If you thought the number of significant pipeline incidents over the past 20 years in the United States was trending downward, you’d be mistaken.
According to the U.S. Department of Transportation’s Pipeline Hazardous Materials Safety Administration, the number of significant incidents in 2001 was 233. That was the lowest number for all 20 years, with 2005 having the highest at 336. To put this in perspective, 2019 had 317 such incidents and 2020 had 284.
In fact, the most recent three-year average (2018-2020) of 297 incidents is not significantly different from the five-year average of 301, or the 10-year average of 298 or the 20-year average of 288. You could argue the problem is getting worse, if ever so slightly.
PHMSA defines a significant event as meeting four criteria.
- Fatality or injury requiring in-patient hospitalization
- $50,000 or more in total costs, measured in 1984 dollars
- Highly volatile liquid releases of five barrels or more or other liquid releases of 50 barrels or more
- Liquid releases resulting in an unintentional fire or explosion
One of those incidents that spiked the numbers in 2020 took the lives of five workers in an August pipeline explosion in the Corpus Christi inner harbor.
And one of the bigger headlines this year came when a Houston company and its two subsidiaries were indicted for an October underwater pipeline spill that dumped upwards of 25,000 gallons of crude onto Southern California waters and beaches. In addition to legal action, that spill has kicked off a call for completely phasing out fossil fuel production and use in the state. In the more near-term, officials are looking for how they can improve prevention, detection and response to head off this type of incident.
Meanwhile, PHMSA allocated $98 million in grants for pipeline and hazmat safety. More information on those grant allocations can be found here.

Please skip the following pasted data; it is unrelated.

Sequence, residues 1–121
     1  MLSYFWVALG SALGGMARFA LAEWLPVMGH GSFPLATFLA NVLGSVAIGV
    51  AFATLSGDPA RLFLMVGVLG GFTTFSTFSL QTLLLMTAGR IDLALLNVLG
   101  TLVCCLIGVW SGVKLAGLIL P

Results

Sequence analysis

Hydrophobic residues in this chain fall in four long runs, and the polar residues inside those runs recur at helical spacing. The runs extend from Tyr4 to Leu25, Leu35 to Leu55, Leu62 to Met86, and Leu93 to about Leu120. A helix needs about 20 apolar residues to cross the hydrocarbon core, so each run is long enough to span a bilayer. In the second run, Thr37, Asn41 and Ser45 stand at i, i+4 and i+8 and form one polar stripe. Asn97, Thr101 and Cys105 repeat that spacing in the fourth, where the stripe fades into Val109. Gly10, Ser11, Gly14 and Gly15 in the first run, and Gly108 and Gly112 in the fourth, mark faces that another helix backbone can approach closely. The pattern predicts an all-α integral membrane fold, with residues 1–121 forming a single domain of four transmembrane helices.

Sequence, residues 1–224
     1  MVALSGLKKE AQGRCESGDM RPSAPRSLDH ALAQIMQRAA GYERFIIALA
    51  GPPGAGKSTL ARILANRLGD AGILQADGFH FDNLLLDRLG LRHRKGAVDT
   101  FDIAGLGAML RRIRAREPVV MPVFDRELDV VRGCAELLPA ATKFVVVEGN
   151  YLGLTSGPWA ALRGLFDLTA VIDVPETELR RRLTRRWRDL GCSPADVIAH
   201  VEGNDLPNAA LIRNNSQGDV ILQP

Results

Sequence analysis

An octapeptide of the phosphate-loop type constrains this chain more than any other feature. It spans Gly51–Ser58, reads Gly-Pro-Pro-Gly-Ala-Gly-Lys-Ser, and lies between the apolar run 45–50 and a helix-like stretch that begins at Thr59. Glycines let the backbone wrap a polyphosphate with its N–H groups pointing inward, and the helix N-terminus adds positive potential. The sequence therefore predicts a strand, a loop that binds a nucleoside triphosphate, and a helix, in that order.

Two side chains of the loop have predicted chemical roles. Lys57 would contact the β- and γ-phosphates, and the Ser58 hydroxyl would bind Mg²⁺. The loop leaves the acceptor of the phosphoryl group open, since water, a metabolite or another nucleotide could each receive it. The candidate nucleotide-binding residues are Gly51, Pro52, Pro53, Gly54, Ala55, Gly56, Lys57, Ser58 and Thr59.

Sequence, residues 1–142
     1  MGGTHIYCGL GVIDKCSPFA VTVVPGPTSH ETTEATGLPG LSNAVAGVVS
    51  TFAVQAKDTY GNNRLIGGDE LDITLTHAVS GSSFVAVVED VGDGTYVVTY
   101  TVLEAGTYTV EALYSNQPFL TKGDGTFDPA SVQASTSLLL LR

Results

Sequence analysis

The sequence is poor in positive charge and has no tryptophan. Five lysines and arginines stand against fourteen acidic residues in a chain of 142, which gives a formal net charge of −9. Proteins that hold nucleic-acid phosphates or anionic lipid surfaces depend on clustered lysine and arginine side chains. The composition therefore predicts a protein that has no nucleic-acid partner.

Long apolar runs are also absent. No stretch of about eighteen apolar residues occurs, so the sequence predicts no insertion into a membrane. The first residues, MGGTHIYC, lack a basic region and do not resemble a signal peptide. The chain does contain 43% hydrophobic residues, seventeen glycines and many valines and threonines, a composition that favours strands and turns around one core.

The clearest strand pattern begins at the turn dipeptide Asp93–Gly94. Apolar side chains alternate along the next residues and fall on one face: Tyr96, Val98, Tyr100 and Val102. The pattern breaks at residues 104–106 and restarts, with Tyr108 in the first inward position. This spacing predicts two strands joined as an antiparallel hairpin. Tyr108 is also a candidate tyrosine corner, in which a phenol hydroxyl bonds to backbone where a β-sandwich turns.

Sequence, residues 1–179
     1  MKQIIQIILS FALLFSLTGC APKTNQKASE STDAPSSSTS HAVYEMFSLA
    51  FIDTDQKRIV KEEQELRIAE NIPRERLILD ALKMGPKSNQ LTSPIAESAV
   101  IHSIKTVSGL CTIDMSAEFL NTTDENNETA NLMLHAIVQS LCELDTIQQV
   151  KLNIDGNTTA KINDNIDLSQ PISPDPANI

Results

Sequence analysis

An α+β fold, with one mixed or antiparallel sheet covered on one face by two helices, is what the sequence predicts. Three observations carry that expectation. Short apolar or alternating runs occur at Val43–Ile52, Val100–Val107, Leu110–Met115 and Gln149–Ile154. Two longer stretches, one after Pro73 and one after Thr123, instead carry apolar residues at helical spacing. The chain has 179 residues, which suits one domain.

A significant incident that would show up on PHMSA’s data charts will quickly overwhelm a local hazmat team. Expect and welcome state and federal resources. Likewise, the pipeline company may become legal adversaries at some point, but during the initial stages of the spill, everyone needs to work together. Here are two tips to an effective pipeline leak response.
Know where the hazards are and revisit them regularly. These pipelines may be above ground, underground or underwater. Tabletop how your team will approach containment in the initial stages of a spill at the most worrying locations. Walk those sites and keep updated photo images on file — here’s another area where drone footage can help with pre-incident planning.
Know your capabilities. Map out what can realistically be expected in terms of available equipment and manpower when the call first comes in. If a pipeline box card system isn’t in place, consider creating one. Part of the legal case in the California leak centers on the delayed initial response to the leak and the damage that inaction caused the environment. So far, that criticism is reserved for the pipeline company. But given past cases of fire departments being sued for delayed response, hazmat teams need to have their incident action plans in order well before the alarm goes off.
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